The warm micro-environment inside the spathe along with the foul odors produced by the spadix flowers (odors reminiscent of rotting meat or decaying carcasses….these odors are the obvious source of both the plants many common names and also its scientific species designation) attracts the earliest flies and hymenopterans of the forest ecosystem. These flying insects crawl into the opening of the spathe and move across the floral parts of spadix. These floral parts develop sequentially with the lower female (ovule producing) parts maturing first and the upper male (pollen producing) parts maturing only after the ovules have been pollinated. This sequencing prevents self-pollination and facilitates and sustains the intermixing of genetic material and the overall genetic diversity of a population.
Flower and Fruit
The flower forms a fruit head after pollination. The surrounding spathe withers away exposing the 2 inch or so diameter ball. This fruit head is often the same reddish to brownish purple color of the spathe. This is also the time when the green leaves of the plant unfurl around the central fruit head. In late summer these fruit heads crumble and deposit their berry-like fruits on the ground around the fading leaves of the plant. These berries may decompose in the wet soil or be eaten (by a number of species including wood ducks, ring-necked pheasants, ruffed grouse, and bobwhite quail). Only a very small number will germinate, either in the fall or in the next spring, to form new skunk cabbage plants.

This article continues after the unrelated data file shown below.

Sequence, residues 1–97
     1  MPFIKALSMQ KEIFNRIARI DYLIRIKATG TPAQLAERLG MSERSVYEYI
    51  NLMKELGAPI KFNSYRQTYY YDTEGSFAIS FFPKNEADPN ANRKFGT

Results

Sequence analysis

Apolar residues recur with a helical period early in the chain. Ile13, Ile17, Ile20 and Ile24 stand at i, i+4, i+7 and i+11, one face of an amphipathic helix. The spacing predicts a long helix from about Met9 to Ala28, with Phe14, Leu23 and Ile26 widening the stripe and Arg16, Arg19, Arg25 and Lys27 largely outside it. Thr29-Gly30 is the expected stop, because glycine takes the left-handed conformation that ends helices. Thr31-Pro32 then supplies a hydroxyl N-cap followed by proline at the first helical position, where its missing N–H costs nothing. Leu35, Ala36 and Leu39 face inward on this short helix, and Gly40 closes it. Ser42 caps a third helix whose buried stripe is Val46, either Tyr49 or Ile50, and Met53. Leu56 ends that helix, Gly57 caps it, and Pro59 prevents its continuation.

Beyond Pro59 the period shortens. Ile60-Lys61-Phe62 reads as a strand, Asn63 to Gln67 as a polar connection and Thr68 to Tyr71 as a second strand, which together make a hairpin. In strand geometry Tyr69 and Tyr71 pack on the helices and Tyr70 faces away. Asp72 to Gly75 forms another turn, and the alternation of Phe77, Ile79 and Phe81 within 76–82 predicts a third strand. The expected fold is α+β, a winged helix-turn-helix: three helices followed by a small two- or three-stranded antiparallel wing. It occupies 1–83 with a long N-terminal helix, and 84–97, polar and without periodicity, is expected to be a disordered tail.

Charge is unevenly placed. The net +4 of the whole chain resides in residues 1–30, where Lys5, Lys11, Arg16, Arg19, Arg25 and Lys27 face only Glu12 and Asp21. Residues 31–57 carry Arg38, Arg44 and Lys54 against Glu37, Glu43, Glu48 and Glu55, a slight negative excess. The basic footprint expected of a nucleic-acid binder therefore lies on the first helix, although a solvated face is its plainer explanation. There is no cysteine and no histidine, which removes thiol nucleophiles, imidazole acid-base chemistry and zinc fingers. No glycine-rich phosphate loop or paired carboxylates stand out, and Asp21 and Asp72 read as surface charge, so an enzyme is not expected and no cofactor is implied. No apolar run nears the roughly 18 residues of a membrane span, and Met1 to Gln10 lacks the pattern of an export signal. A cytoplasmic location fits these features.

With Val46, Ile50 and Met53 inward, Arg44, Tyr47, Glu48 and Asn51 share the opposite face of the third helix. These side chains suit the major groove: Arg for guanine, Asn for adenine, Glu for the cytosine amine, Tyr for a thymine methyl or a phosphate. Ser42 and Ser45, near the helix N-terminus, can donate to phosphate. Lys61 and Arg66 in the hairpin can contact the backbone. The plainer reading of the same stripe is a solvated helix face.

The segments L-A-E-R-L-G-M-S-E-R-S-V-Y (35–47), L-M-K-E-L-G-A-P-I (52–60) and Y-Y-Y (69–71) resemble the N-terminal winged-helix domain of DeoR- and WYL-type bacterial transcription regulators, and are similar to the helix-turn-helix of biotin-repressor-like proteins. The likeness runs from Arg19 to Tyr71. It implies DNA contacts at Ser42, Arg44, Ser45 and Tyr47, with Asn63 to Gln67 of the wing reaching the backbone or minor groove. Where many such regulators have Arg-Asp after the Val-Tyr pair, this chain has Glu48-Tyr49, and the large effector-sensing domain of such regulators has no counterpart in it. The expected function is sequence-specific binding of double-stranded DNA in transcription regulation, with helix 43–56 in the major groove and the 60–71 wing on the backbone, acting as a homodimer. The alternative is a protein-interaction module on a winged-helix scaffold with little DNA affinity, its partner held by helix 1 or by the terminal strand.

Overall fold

The leaves and stems of the skunk cabbage are quite fragile and lack substantial amounts of woody, supportive tissue. The leaves begin to decompose on the standing plant through the summer and are so insubstantial that they make very little persisting leaf litter around the central rhizome. The leaves when crushed emit the same foul odor as the flowers. These leaves are also rich in calcium oxalate crystals which are irritating and may even be toxic if ingested. Both the odors and the presence of the calcium oxalate crystals greatly inhibit herbivory on the skunk cabbage leaves. Some animals, though, (like black bears, Canadian geese, and ring-necked pheasants) have been observed consuming these leaves especially when the leaves are young and just unfurling in the spring.
Skunk cabbage has been used in a variety of folk medicine traditions. Native Americans dried the leaves and used them to facilitate the healing of skin wounds. They also crushed the leaves and inhaled the vapors to relieve headaches. European settlers used the plant as a contraceptive agent ingesting small amounts of skunk cabbage leaves daily in the belief that the dosage would reduce fertility. In the 19th Century the United States Pharmacopeia listed the uses for skunk cabbage as treatments for asthma, epilepsy, coughs, and rheumatism.